Further on we reached Iringa. A town on a hill, quite literally, it is the first next big town.  We would need to fill up with Diesel before going further.  Much to our horror, the first petrol station had a queue of people lined up with containers for fuel.  Next one said, “sorry no Diesel”.  Having no other choice we stopped at the next station – almost deserted – in the hope of getting fuel.  No problem, they have Diesel. Thank Goodness! Why on earth the queue at the other filling station?  Still don't know the answer.  Satisfied we drove back through town toward Ruaha. 

At stages the road was badly corrugated but for the most part in good condition.  Just, very dusty.  We would stay just outside the Park to save costs.  The Tracks for Africa Map indicated a Camp with hot showers but no name.  This being Safi Safari Lodge, about 13 km before the entrance gate.  The Lodge entrance is rather impressive and as soon as we stopped two keen young men came to our assistance.  When asked about camping, they pointed us in the direction to go.  This lead to a dead end, and nowhere to turn – a pain, especially with the trailer.  It only just dawned on us that whoever built the lodge obviously has never driven a car.  The roads being like walkways, with no place to park or turn around.  This was the tented camp area, part of the Lodge and not the campsite. With difficulty we got out of there.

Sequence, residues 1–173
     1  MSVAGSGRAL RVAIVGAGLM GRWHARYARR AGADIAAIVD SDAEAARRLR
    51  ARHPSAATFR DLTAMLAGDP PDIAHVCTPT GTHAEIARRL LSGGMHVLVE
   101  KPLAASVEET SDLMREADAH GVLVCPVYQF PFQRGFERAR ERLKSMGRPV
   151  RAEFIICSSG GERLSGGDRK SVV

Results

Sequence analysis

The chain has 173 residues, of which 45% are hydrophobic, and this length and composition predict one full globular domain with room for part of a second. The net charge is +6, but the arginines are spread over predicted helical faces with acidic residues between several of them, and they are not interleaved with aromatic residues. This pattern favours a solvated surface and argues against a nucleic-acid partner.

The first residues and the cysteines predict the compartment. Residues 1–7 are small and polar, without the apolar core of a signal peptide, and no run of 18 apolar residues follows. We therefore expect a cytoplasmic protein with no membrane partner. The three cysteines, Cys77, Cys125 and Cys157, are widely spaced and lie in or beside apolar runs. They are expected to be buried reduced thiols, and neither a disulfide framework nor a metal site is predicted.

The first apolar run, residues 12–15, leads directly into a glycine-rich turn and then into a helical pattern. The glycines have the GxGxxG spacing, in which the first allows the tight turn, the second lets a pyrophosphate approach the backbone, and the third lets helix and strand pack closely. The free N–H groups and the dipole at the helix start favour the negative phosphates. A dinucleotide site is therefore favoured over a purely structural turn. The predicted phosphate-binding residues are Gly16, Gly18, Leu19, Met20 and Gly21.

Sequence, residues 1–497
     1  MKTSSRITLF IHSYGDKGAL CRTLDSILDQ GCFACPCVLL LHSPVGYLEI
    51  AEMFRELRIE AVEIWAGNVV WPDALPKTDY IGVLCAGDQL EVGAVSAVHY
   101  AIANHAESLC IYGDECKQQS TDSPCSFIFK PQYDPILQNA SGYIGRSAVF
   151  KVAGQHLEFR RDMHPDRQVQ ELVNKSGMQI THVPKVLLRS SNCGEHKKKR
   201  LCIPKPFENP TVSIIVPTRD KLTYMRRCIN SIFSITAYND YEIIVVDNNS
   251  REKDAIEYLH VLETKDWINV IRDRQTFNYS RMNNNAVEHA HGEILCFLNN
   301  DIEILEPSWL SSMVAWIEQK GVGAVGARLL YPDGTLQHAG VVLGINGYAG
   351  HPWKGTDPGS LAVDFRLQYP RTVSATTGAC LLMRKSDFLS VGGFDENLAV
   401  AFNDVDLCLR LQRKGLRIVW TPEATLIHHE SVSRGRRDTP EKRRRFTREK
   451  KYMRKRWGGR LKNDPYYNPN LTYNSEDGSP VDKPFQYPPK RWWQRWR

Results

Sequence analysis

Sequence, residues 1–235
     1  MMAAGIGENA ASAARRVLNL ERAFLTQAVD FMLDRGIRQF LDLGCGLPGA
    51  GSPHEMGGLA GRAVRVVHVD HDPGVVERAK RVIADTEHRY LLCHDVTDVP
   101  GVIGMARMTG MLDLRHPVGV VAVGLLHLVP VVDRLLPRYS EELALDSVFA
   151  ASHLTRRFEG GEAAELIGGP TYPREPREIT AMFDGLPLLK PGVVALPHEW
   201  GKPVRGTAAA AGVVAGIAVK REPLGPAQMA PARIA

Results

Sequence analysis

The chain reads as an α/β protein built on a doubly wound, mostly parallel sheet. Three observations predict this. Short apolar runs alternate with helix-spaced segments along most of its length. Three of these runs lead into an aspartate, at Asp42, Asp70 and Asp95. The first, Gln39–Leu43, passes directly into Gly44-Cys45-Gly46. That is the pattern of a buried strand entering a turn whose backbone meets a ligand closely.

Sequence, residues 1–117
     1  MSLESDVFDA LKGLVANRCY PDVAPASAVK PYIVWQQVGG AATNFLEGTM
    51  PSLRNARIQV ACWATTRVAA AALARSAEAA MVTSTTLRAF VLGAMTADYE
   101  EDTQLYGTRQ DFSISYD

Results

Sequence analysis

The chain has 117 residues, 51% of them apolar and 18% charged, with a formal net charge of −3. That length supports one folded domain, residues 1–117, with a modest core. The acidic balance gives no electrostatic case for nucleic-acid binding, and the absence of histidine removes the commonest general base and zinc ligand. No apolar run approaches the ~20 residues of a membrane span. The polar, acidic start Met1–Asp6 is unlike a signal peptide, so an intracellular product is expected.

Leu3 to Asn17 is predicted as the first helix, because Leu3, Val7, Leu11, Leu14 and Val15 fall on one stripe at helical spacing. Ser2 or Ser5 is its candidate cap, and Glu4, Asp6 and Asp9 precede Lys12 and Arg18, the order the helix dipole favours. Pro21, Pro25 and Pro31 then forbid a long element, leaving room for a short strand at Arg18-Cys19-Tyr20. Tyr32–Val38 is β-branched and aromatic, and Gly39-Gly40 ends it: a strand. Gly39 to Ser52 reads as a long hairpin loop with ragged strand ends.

Needles to say, Carlos was not impressed.  Back at the point where we started from, the area indicated had no access to it – or at least no access with a car.  The ablutions did not have a shower head and the toilets did not have water. I think they could see our frustration because they then offered for us to stay in a tent unit for the same price as it would have been for camping.  So back to the tented area we go.

It turned out to be a bargain!  We had not slept in a proper bed for too long to remember.  The rooms had nice clean white linen and most importantly and on suite bathroom!! Wow!! I could jump out of my skin. It was a real treat.

 As it was incredibly hot and dry to the point where it felt like ones skin would crack, putting up the tent right then would have been a mission.  Instead we sat on our stoep with a beer in hand. 

Once it cooled down a bit, Carlos decided to take the one dead battery out of the trailer and to replace it with the spare we had in the car.  It was a huge “gedoente” as even just opening the unit up in the trailer needed two people and was a rather uncomfortable job.  Luckily our guide to be came to offer his help.  He also brought a friend.  With that they tackled the job and about an hour later, once again with beer in hand, satisfied with a job well done.  If they did not come to help we would not have been able to do it ourselves.

I cooked in the meantime and so we could have an early dinner and a long night in a bed.  We made arrangements to go into the park at 6am next morning.